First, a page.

31 Days of Feminist Horror Films: MAY


Lucky McKee’s second feature creates an indelible protagonist in May, thanks in no small part to the moving central performance from Angela Bettis that anchors this film. Socially inept because of debilitating shyness brought on by a lazy eye, vet tech May struggles to deal with even the most minor aspects of adulthood. She still spends much of her time talking to Suzie, a childhood doll kept in a glass case, given to May by her mother who suggested that May can always make a friend if she can’t find one in the real world. May is a misfit protagonist very much in the mode of Carrie, and even when a bit of kindness comes into her life — a potential romantic interest that initially seems game for May’s morbid sexual tastes until she draws blood while they’re making out, blind children who are charmed by May’s stories and ability to connect with them as an outsider, a friendship with a beautiful co-worker that May aspires to be — her lifelong rejection from “normal” society has rendered May unable to deal with normal social interactions.

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It’s difficult to watch May try to function within normal society and fail over and over again, and McKee’s film is totally sympathetic towards her, even after blood starts flowing. May is one of the best examples of character-driven horror, and it’s impossible not to feel for May as she struggles to engage with cultural standards of female beauty and friendships, romantic relationships, and simple human interaction. Female misfits, antiheroes, and unlikable female characters are still fairly rare as protagonists, but in horror, where the outsider is often king (or in this case, queen), there are more opportunities to explore female otherness than in most other major genres.


After Suzie is accidentally destroyed by May’s young friends, she cracks, and decides to take her mother’s advice to heart: she’ll build a new friend out of the leftover body parts from those who have wronged her throughout the film. But she’s still not satisfied as Amy, the new friend, cannot see. May turns to self-mutilation in order to make Amy perfect in a way she can never be, and finally rids herself of the eye that has caused much of her awkwardness and shame. It’s clear that McKee wanted to combine parts of the Frankenstein story along with the thematic notion of beauty being in the eye of the beholder to guide May’s final actions, and the film has an incredibly moving final moment that blends May’s fractured reality with the fantasy life that has always been kinder to her. May simply wants what we all want — human warmth and affection — but because she’s always been the misfit, the weirdo, the outsider, she goes about it in a violent way that leaves her more alone than ever. McKee’s film has more empathy for its protagonist than most other horror films, and May is a powerful story of the need to belong, told from the perspective of a thoroughly strange female protagonist.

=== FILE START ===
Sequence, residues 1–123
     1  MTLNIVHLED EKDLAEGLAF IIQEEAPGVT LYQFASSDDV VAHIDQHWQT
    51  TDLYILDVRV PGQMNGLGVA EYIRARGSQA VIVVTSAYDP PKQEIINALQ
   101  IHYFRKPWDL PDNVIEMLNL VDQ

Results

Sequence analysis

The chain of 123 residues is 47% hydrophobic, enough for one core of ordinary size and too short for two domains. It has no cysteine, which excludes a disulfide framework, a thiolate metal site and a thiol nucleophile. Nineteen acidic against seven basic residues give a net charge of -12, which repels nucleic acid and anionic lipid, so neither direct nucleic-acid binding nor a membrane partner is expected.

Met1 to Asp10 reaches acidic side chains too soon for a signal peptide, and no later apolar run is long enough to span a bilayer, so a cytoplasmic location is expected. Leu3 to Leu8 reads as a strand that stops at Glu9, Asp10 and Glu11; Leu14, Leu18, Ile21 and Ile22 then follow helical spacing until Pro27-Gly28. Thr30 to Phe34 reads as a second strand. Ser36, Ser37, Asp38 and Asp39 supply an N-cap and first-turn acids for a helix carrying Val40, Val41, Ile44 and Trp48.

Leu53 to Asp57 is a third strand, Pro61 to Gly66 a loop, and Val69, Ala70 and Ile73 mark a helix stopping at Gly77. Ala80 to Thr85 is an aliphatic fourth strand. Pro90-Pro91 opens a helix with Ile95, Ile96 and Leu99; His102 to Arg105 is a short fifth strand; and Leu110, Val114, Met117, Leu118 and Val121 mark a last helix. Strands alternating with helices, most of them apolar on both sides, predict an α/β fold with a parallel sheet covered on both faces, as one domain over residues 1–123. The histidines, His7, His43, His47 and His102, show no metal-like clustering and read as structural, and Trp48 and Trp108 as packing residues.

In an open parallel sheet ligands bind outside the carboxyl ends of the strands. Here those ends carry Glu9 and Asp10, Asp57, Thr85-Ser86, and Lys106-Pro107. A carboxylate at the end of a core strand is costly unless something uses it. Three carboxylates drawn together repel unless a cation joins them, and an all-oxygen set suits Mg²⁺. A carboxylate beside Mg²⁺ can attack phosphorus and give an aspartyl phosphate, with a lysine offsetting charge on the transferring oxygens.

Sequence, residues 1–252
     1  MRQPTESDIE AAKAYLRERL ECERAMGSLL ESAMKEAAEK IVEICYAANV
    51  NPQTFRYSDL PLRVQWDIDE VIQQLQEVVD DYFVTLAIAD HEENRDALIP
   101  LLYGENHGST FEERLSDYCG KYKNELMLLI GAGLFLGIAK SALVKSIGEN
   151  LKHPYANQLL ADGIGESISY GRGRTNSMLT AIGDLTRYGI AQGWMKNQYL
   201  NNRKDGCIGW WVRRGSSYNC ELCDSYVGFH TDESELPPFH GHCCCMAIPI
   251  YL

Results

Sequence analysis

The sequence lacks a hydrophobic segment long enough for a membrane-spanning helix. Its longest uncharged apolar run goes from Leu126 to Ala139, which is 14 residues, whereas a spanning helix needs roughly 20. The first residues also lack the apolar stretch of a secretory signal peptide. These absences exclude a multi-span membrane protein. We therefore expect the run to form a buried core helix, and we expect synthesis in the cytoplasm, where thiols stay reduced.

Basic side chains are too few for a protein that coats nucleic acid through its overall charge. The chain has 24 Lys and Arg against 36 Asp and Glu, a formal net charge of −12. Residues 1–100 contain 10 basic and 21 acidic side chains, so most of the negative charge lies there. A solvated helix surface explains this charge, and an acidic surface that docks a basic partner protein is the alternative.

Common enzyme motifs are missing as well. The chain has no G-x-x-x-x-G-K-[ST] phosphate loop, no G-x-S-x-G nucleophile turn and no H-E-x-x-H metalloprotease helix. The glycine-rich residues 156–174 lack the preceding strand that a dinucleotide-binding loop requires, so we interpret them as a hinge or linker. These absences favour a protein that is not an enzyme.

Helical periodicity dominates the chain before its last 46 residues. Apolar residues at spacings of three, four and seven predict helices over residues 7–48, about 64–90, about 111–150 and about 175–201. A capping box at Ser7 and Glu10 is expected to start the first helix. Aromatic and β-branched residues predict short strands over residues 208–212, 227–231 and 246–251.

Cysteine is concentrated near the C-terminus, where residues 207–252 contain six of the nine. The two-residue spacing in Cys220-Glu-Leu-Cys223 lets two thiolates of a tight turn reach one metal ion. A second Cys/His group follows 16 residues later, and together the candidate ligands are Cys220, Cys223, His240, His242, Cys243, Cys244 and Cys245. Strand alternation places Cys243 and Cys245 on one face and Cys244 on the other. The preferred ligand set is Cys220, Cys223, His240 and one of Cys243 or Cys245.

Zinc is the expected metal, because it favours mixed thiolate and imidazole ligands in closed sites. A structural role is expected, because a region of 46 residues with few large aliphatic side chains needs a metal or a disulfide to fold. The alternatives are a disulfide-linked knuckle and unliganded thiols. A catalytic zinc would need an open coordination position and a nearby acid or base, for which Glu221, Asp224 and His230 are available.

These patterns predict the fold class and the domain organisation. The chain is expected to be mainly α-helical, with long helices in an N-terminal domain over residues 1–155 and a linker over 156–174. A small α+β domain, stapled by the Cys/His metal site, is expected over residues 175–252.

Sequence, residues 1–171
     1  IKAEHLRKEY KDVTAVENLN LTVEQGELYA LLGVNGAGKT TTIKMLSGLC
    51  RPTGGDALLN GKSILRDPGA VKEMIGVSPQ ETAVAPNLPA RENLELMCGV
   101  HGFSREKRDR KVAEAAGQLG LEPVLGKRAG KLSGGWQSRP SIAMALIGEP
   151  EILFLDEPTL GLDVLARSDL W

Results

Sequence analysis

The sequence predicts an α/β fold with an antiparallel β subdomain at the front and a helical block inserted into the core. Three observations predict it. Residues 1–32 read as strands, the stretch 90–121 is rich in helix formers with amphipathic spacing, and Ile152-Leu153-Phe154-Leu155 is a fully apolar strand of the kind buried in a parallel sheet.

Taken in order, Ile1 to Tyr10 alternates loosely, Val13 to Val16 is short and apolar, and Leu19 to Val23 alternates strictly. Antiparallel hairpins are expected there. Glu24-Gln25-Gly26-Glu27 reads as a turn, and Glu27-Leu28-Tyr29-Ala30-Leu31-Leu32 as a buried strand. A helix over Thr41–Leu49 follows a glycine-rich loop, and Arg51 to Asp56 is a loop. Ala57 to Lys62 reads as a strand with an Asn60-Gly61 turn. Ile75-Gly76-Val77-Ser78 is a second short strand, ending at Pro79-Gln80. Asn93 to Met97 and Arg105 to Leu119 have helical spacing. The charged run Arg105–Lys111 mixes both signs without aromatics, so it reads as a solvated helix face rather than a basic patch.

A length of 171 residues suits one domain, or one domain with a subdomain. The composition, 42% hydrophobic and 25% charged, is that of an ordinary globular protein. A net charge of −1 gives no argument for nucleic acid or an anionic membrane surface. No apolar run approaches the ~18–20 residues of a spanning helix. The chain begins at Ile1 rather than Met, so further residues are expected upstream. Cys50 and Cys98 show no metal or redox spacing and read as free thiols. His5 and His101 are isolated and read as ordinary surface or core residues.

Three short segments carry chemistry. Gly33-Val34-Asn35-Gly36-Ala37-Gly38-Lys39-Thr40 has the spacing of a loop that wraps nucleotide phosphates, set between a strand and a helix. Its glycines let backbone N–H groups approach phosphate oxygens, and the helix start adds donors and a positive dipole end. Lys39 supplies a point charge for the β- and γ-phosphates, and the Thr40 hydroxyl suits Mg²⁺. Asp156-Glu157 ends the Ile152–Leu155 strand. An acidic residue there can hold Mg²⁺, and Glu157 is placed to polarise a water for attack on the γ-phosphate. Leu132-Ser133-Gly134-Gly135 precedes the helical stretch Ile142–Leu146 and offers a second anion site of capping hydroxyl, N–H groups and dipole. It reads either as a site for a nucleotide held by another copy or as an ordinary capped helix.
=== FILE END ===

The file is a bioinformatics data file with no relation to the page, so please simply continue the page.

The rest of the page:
31 Days of Feminist Horror Films: EXCISION


The likability of female characters is one of the most over-discussed questions in film discourse, but in Richard Bates’ Excision, he makes a hard and fast distinction that our protagonist Pauline is not going to be the typical final girl in horror, and she won’t ever be likable.

Obsessed with sex, death, and especially blood, Pauline (AnnaLynn McCord, playing against type to great success) is unpopular in high school not only for her unusual interests, but because she’s an ugly duckling, and places no importance on personal hygiene. Pauline is the sort of unkempt that borders on masochistic, and it’s a rare thing to see a female character who revels so fully in her lack of traditional beauty or desire to fit in among her female peers. She also faces extreme stress at home as her middle-class parents focus on her saintly younger sister (Ariel Winter) who’s dying of cystic fibrosis. Pauline develops two selves to deal with the limitations and frustrations of her real life — in her fantasies, she’s beautiful, dominant, and often covered in blood, while the real Pauline can barely be bothered to brush her hair or speak up in class.


Pauline’s retreat into her vivid interior life provides the film with its most memorable sequences, as we see her baroque, bloody fantasies of sex, worship, and power — these scenes are truly gorgeous (though very NSFW) and make Excision stand apart from many of its independent horror peers. Like many other female misfits, reality will never be as good as the fantasy life Pauline is able to conjure. But, these fantasies give Pauline confidence boost in her own life, and she eventually convinces the school’s hunk, Adam, to take her virginity. Bates subverts any traditional take on this scene by including menstrual blood and oral sex as major factors. He also uses this scene to explore male repulsion at the idea of period sex only when it’s reflected back to them, not during the actual act, which mirrors how Adam feels about sleeping with Pauline overall — he’s happy to do it if it’s kept a secret, but if other folks find out they’ve slept together, he vehemently denies his participation in the act.


This rendezvous destroys any reputation Pauline had at school, and reality slips further from her grasp as her focus on her fantasies begins to dominate her life. Pauline decides to help her sister the only way she can: amateur surgery! The film’s conclusion is grotesque and unavoidable, and even with the inevitability of the film’s final moments, it’s still fascinating to watch Pauline reach her ultimate character destination. And even if her attempt a DIY lung transplant is horrifically miscalculated, Pauline, who struggles to feel empathy for anyone throughout the film, still sees it as the most loving thing she can do for her sister. Bates isn’t afraid to make Pauline foul, misguided, and morbid, which is a bold choice not only in mainstream film as a whole, but especially in horror when a woman’s purity often ends up saving her life. Excision is a beautifully bloody character study that eschews all notions of female likability in order to create an incredibly memorable female horror protagonist.

31 Days of Feminist Horror Films: HONEYMOON